inputFileStreamand stored in
get() method of the
inStream object to
char input in the loop. Then compile your
program, and continue when your program compiles without error. Don't run it yet!
Controlling a File-Input Loop. Files are created by a computer's operating system. When the operating system creates a file, it marks the end of the file with a special end-of-file mark. Input operations are then implemented in such a way as to prevent them from reading beyond the end-of-file mark, since doing so could allow a programmer unauthorized access to the files of another programmer. The input operations will just keep you at the end-of-file forever until you realize where you are.
ifstream object has a method named
eof() that can
be used to control an input loop:
This expression returns true if the last read from
inputFileStreamtried to read the end-of-file mark, and it returns false otherwise. We have to read first, then test for end-of-file.
In a forever loop like the one in the source program, the
eof() method can be used as our termination test. By placing an
if ( /* end-of-file has been reached */ ) break;following the input step, repetition will be terminated when all of the data in the file has been processed.
In your source program, place an
break in the
appropriate place in our algorithm, using the
eof() method of
inStream as the condition in the if statement. Then compile
your source program, to check the syntax of what you have written.
When it is syntactically correct, continue to the next part of the
exercise. You probably could run the program now, but it won't do
anything interesting because it's not generating any output.
File Output. Just as we have used the
to write data to the
<< operator can be used to write data to an
for output. Since the
ofstream connects a program to a file,
<< to it transfers data from the program to the
file. This operation is thus described as writing to the file, even though it is
The pattern for output should look pretty familiar:
Valueis value that should be written in the file.
Use this example as a basis for a statement to finish up the loop, writing the encoded character (not the original!) to the output file. Compile your program to test the syntax of what you have written, and fix all of your compilation errors.
Closing Files. Once we are done using an stream to read
from or write to a file, we should close it, to break the
connection between our program and the file. This is accomplished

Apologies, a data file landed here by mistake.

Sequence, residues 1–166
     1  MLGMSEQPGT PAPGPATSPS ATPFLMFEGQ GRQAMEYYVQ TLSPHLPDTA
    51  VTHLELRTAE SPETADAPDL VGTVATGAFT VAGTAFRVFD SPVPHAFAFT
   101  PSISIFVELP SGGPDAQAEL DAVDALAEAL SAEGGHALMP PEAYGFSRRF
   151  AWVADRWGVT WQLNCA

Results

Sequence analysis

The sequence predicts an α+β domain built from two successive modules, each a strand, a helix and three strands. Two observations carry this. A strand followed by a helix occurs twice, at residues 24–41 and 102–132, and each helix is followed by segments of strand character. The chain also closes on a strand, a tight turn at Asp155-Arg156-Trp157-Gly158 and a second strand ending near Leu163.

using the method
close(). Both the
ofstream classes have this method:
When execution reaches this statement, the program severs its connection to
In the appropriate place in the source program, place calls to
close() on the input stream and on the output stream. Then compile
your program, and ensure that it is free of syntax errors.
When your program's syntax is correct, test it using the provided
message.text. If what you have written is
correct, your program should create an output file, containing the
Rqh Li Eb Odqg Wzr Li Eb VhdIf this file is not produced, then your program contains a logical error. Retrace your steps, comparing the statements in your source program to those described in the preceding parts of the exercise, until you find your error. Or, pretend you're the computer and walk through your program. Correct your program, recompile it, and retest your program until it performs correctly.
The last part of this exercise is for you to apply what you have
learned to the problem of decoding
a file encoded using the Caesar cipher. Complete the skeleton
decode.cpp, that can be used to decode a message
encoded using the Caesar cipher. Do all that is necessary to get
this program operational, so that messages encoded with
encode.cpp can be decoded with
decode.cpp. Put differently,
the two programs should complement one another.
The difficult part has been done for you. The
caesarDecode() function which does all the work of
decoding. Your job is to build the driver to handle file I/O.
To test your program, you can use the output file created by
alice.code, a selection from Lewis Carroll's
Alice In WonderLand.
Beware! Watch the names of your output files. Every
application you've used has probably warned you when you're about to
overwrite an existing file. This is behavior that the program
had to implement. You haven't implemented it in this program,
so you won't get this warning. So if you encode
message.code, and then you decode
message.text, then say goodbye to the old
message.text! The old version will disappear, and you'll have to
copy it over again. It's better to use
perhaps, when you decode
Turn in your code as well as the output from your programs.